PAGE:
I quit my full-time job as a software engineer.
It turns out quitting is the easiest part of a freelancer's journey. I wasn't sure what to do next. I ended up on a 2-month backpacking trip around Europe — most likely influenced by Alex MacCaw's How to Travel Around The World For a Year.
After the trip, a former co-worker referred me to an interesting contract. I ended up working in a research lab for 4 months. Afterwards, I started seeking out contract work. There were no epiphanies. I wandered into becoming a freelancer.
The tactics I used were:
Reaching out to former colleagues and friends was the best way to get clients. The next time you're out for a coffee or lunch with someone, mention you're currently freelancing and seeking a contract. Many freelancers even start out by contracting with former employers.
Getting messages from recruiters in LinkedIn? Some of these companies offer contracts in addition to full time employment. My biggest contract actually came through this channel.
My least favorite approach is using job boards. I've used Craigslist Gigs, Hacker News' Seeking Freelancers, Ruby-only sites, and a few more. The response rate always knocks down my confidence a peg or two.
I started out by asking for $50/hour.
As I felt more comfortable with my workload, I started charging a bit more for each new client and my rate slowly increased.
I also switched to a daily rate — the best decision I've made this year.
Switching to a daily rate was a win/win. Clients get a freelancer who's focused on their project. The freelancer implicitly only gets batched work.
The switch to a daily rate came from various Hacker News comments left by patio11 and tptacek. Patrick McKenzie talks more about not charging hourly here: Growing One's Consulting Business.
I'm hoping to switch to a weekly rate in the future.
Full-time or part-time? Focus on one project or juggle multiple projects?
My first contract was full-time (40 hours/week) and I only focused on that single project. It was no different than having a full-time job.
I also tried juggling multiple projects. It was painful. Finding contracts was a job on its own. I ended up billing 20 hours/week but felt like I was working 40+ hours/week.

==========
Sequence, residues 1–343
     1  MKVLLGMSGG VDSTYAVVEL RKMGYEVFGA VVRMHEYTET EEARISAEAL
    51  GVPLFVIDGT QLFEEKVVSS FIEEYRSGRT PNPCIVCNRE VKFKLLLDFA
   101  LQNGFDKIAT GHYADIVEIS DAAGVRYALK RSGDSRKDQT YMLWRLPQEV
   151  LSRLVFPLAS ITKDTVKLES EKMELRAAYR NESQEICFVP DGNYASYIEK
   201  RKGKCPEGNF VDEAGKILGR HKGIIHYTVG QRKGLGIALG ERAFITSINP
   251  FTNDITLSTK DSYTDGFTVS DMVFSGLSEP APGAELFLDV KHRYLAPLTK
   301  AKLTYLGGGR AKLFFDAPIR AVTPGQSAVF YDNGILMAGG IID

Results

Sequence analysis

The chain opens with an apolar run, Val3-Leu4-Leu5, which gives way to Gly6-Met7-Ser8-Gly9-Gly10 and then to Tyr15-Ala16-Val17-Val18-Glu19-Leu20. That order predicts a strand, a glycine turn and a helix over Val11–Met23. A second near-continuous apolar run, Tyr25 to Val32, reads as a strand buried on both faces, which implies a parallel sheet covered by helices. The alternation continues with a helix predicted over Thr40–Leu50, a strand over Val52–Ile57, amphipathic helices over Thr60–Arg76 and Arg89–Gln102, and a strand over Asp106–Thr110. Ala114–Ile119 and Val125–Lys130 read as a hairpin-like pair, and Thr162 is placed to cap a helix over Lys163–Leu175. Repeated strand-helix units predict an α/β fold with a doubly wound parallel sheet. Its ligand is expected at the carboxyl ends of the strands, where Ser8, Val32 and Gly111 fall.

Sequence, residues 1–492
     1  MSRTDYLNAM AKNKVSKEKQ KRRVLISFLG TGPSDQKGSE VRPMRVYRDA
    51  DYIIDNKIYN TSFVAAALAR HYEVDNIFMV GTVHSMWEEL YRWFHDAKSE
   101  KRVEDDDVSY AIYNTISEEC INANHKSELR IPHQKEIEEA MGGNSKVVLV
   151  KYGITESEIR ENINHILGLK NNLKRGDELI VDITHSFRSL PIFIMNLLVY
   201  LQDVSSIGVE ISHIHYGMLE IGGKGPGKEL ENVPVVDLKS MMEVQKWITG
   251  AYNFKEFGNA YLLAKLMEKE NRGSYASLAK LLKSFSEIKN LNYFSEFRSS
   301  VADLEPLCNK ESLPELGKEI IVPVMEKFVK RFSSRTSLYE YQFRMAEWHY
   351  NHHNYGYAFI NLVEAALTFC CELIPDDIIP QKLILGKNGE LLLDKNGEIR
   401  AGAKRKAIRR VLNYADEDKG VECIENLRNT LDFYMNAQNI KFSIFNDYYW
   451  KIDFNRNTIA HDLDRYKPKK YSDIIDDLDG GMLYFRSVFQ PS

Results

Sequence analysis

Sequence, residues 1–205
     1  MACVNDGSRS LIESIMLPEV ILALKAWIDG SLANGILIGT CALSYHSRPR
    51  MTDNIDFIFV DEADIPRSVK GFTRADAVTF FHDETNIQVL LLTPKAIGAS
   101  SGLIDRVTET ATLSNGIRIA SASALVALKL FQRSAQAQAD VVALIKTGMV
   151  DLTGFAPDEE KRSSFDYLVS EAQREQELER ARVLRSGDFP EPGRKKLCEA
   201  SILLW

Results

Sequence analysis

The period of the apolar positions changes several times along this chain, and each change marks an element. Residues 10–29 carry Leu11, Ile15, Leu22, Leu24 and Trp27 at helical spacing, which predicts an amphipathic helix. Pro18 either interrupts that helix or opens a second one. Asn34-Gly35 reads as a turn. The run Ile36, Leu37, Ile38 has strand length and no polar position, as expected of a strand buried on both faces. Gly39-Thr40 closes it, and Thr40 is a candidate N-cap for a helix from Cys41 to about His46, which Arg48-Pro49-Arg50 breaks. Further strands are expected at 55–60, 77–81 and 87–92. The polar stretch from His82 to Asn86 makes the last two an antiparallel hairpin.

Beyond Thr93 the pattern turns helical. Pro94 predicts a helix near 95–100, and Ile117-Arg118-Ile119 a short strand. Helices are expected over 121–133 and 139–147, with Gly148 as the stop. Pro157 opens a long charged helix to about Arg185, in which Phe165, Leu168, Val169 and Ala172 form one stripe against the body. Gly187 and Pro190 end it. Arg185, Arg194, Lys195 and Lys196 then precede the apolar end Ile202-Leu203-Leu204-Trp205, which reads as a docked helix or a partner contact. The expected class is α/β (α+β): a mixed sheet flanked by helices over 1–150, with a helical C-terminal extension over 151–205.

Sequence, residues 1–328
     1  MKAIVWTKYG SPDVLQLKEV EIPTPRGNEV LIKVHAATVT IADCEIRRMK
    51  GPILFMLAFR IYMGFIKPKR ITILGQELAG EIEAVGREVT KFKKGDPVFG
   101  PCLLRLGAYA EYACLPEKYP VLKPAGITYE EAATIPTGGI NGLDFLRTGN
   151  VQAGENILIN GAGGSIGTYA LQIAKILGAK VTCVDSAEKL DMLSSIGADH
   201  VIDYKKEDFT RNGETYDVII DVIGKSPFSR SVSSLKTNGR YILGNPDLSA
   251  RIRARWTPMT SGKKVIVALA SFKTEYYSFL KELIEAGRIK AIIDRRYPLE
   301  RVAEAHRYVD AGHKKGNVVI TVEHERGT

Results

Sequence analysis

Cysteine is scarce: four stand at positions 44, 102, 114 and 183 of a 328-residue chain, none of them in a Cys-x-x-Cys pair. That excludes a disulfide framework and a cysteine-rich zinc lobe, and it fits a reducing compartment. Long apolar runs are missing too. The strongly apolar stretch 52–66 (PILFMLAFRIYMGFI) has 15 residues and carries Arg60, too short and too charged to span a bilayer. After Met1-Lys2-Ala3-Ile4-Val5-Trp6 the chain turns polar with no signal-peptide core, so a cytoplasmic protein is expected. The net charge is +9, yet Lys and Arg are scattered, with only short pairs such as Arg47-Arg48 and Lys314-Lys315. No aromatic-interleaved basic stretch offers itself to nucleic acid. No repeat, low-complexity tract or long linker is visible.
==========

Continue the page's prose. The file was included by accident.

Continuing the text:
Focusing on one full-time client is easier but riskier. What if you lose that client?
These days, I prefer focusing on one client. This has led to plenty of downtime (when a project ends and I don't have another contract lined up). If you go this route, it's important to save money and to diversify your portfolio — more on that later.
I'm still nowhere near my full-time salary. The downtime between contracts is de-motivating. Not to mention the stigma associated with freelancing — "when are you going to get a job?". Oh, I'm tempted to start interviewing at least once a week.
I stay motivated two ways: listening to podcasts and having a bi-weekly meeting with a friend.
There are quite a few podcasts about freelancing and starting products. It helps knowing there are other (more successful) developers doing the same thing:
You may be the sole owner of your business, but it doesn't mean you should go at it alone. I've started having bi-weekly meetings with a friend. He holds me accountable to my long-term goals. It's also a time when I get to discuss about problems and recent wins.
A friend asked me if I plan on growing this business into a consultancy with employees. I have zero intention on doing so.
I'd rather diversify into products. These developers started out with consulting and transitioned into products:
In particular, I like Rob Walling's stair step approach mentioned in: Moving from Consulting to Products with Brennan Dunn. The stair step approach means you start with a small product and slowly move up. With each product launch, you'll have more motivation and knowledge.
Freelancing is my first step. What's yours?
Hugh Bien — living in sunny California. Was a software engineer for several years, now working on a portfolio of small apps/websites.